“It’s almost impossible to tell a story through instrumental music,” says composer Patricia Morehead. Such attempts usually “come across as trite coloristic effects.” Yet she’s named her latest piece, a composition for two pianos, after Margaret Atwood’s 1986 novel, The Handmaid’s Tale, a feminist allegory in which women are forced to become breeders for those rendered sterile by the toxic environment. When she read the book ten years ago, Morehead says, she felt “helpless outrage” at the prospect of chemical and nuclear contamination in the near future. “I’m terribly frightened as a mother and grandmother–more so now that our society has moved only closer to that scenario.”
Morehead says she based her composition’s four movements on a few details from the book. “You’ll hear an odd-cadenced march punctuated by ringing bells that suggest the handmaidens being ordered to walk in unison. And their whispering in the night is a perfect opportunity for a dialogue between the pianos.” A fugue conveys menace and futility, while another movement plays on Atwood’s references to pop tunes from the 50s and 60s. “I use a rock backbeat reminiscent of ‘Heartbreak Hotel,'” Morehead says. “After all, I grew up with Elvis.” But that’s the extent of her scene depiction.
In writing the piece for ace pianists Ursula Oppens and Aki Takahashi, Morehead knew she had 20 fingers experienced in the tricky maneuvers of modernist music. “I was happy to explore the possibilities in sonorities and volume, not to mention register, that would’ve been too much on one piano,” she says. Oppens calls the score “wild and intense, with overlapping voices and hands–and yet nicely underscoring the book’s tone of inwardness and claustrophobia.”
Morehead turned to composing late in life. In college she majored in the sciences, but decided at age 20 to become an oboe player. A quick learner, she went on to study in France, where she befriended Nadia Boulanger, the influential conductor and music teacher. In the summer of 1963, Boulanger introduced her to musicologist Philip Morehead. They married soon afterward, “and off we went to Harvard, where Phil continued with his studies, and I gave birth to three kids in four years,” Morehead recalls.
Their stay in Boston lasted 12 years, during which she earned a degree from the New England Conservatory, worked as a freelance oboist and teacher, and founded a chamber opera troupe with her husband–all while juggling family duties. It wasn’t until 1979, when Morehead was almost 40, that she began studying composition in earnest, inspired by a summer at Darmstadt, the German mecca for new music. “I’d come to believe that every instrumentalist must know how to compose, and vice versa. Otherwise you’re not a true musician.” Four years later Morehead enrolled at the University of Chicago to study under Ralph Shapey, who’d been influenced by Stefan Wolpe, one of her idols. (She also wanted to join her husband, who had landed a job at the Lyric Opera.) Besides Shapey, Morehead credits local composers Shulamit Ran and John Eaton with helping to develop her style.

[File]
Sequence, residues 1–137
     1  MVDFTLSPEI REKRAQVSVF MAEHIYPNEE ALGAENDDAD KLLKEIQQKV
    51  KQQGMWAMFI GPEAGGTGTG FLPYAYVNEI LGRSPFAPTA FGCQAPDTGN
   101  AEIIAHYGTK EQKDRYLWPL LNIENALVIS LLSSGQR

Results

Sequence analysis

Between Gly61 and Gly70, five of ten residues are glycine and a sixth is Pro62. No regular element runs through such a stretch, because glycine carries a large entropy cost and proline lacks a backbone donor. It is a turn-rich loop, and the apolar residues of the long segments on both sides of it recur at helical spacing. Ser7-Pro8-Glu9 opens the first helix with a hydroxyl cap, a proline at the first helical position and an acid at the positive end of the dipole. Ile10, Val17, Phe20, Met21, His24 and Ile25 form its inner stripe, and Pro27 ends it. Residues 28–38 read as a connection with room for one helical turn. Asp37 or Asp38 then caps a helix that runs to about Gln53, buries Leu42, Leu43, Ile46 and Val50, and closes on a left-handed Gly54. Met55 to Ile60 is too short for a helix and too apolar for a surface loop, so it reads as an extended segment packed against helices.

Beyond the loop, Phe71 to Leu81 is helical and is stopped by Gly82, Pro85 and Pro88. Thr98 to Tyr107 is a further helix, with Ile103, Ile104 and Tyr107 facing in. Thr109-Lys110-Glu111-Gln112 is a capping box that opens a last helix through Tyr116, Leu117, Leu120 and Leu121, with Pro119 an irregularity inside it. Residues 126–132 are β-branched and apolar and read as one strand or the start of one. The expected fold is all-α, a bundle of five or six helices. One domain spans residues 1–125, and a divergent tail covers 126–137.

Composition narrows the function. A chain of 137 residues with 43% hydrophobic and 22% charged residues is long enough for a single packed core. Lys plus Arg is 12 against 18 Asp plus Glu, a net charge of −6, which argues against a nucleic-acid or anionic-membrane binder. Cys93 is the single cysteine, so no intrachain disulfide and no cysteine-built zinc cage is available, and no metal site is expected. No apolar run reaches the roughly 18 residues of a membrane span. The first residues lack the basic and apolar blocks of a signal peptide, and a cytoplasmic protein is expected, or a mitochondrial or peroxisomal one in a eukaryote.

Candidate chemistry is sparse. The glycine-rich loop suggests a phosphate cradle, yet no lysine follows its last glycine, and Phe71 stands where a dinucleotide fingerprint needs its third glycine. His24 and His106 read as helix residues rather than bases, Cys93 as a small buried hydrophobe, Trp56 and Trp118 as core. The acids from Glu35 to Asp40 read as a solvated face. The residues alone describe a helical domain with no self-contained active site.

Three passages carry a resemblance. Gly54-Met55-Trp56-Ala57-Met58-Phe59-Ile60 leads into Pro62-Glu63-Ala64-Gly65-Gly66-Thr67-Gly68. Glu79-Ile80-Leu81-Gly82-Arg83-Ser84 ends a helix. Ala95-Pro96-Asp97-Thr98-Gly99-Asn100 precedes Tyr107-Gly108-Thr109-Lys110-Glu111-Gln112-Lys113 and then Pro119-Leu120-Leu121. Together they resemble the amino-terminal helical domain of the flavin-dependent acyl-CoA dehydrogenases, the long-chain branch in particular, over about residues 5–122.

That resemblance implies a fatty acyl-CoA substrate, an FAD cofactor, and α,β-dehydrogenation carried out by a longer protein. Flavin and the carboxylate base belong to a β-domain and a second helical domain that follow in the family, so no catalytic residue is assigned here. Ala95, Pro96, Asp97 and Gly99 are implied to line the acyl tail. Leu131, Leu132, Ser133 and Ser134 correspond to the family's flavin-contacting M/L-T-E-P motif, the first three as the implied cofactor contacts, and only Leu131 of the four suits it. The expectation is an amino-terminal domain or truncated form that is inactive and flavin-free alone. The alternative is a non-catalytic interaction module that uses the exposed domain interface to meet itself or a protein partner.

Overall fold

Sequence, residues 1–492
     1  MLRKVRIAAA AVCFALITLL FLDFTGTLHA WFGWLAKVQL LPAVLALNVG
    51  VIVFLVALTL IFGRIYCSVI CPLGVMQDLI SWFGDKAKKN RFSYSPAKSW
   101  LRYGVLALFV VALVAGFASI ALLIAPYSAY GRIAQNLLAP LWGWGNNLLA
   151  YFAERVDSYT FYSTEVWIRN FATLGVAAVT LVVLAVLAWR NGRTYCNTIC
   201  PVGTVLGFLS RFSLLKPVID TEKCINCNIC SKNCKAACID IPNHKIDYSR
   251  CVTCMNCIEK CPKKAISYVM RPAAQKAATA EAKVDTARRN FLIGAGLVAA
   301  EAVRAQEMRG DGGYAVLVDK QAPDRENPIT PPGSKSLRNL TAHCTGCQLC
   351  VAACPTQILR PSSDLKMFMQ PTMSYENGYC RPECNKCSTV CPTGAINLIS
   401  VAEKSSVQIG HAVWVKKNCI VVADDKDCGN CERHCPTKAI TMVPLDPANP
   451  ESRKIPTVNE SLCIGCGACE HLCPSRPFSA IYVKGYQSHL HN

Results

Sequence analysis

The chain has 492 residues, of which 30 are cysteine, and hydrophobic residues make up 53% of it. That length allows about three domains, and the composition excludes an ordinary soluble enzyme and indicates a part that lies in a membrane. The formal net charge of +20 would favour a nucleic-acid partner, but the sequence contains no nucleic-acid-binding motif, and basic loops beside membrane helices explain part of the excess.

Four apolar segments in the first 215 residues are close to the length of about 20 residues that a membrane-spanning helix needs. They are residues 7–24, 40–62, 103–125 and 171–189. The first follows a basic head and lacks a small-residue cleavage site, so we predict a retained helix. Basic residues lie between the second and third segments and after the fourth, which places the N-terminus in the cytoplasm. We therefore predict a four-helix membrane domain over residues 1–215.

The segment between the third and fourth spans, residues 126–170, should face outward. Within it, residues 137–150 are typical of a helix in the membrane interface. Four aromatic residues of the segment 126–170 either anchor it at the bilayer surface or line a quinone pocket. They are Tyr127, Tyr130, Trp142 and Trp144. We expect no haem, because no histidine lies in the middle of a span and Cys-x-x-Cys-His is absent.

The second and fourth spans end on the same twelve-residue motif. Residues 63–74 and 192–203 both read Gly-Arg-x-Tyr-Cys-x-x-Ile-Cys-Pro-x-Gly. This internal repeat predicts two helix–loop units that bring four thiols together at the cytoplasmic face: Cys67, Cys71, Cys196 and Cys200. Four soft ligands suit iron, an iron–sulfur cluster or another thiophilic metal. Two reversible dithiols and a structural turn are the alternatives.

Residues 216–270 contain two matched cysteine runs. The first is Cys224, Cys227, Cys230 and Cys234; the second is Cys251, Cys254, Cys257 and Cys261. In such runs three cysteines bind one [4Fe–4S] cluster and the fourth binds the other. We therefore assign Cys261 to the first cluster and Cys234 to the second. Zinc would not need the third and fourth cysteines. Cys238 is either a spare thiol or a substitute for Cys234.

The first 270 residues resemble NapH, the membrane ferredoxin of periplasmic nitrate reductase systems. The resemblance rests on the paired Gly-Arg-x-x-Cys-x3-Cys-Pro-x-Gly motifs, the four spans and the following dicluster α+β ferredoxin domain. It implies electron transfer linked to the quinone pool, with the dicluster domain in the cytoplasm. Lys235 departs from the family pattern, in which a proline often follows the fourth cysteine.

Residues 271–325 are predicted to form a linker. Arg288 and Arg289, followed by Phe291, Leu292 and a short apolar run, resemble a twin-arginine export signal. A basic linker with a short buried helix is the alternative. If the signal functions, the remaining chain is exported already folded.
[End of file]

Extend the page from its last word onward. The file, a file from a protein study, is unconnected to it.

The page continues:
While she writes her PhD dissertation, Morehead is keeping up her usual busy schedule of teaching and performing. Gregarious and generous, she’s a kind of den mother to the local new-music community. Recently she gathered almost 50 composers for a party in honor of Pierre Boulez, and she and her husband are founding members of Cube, one of the city’s most accomplished new-music ensembles. Whatever time is left over, she says, she devotes to composing. “Ultimately, that’s how I’ll be remembered, for conveying powerful emotions through music. A teacher told me once, ‘If you don’t feel passion in what you write, it will not cross the footlights to the audience.'”
Oppens and Takahashi will perform the world premiere of The Handmaid’s Tale Saturday at 7:30 at Northwestern’s Pick-Staiger Concert Hall, 1977 South Campus Drive in Evanston. Also on the program, presented by American Women Composers Midwest, are seldom-heard pieces for solo and duo pianos by Pauline Oliveros, Joan Tower, Lois Vierk, Haruna Miyake, Akemi Naito, and Ushio Torikai. Admission is $20, $15 for students and seniors. Call 847-467-4000. –Ted Shen
Art accompanying story in printed newspaper (not available in this archive): Patricia Morehead photo by Randy Tunnell.